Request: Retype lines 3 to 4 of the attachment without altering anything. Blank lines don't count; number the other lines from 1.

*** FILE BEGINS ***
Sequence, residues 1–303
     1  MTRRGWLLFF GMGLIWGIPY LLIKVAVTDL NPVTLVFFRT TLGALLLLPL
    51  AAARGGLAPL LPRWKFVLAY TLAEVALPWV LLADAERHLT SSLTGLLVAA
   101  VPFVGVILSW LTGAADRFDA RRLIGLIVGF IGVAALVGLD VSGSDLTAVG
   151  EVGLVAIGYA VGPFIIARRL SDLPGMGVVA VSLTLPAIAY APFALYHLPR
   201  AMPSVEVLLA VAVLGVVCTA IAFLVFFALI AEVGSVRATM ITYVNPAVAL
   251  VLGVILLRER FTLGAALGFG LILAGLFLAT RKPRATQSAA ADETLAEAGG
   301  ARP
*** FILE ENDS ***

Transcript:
    51  AAARGGLAPL LPRWKFVLAY TLAEVALPWV LLADAERHLT SSLTGLLVAA
   101  VPFVGVILSW LTGAADRFDA RRLIGLIVGF IGVAALVGLD VSGSDLTAVG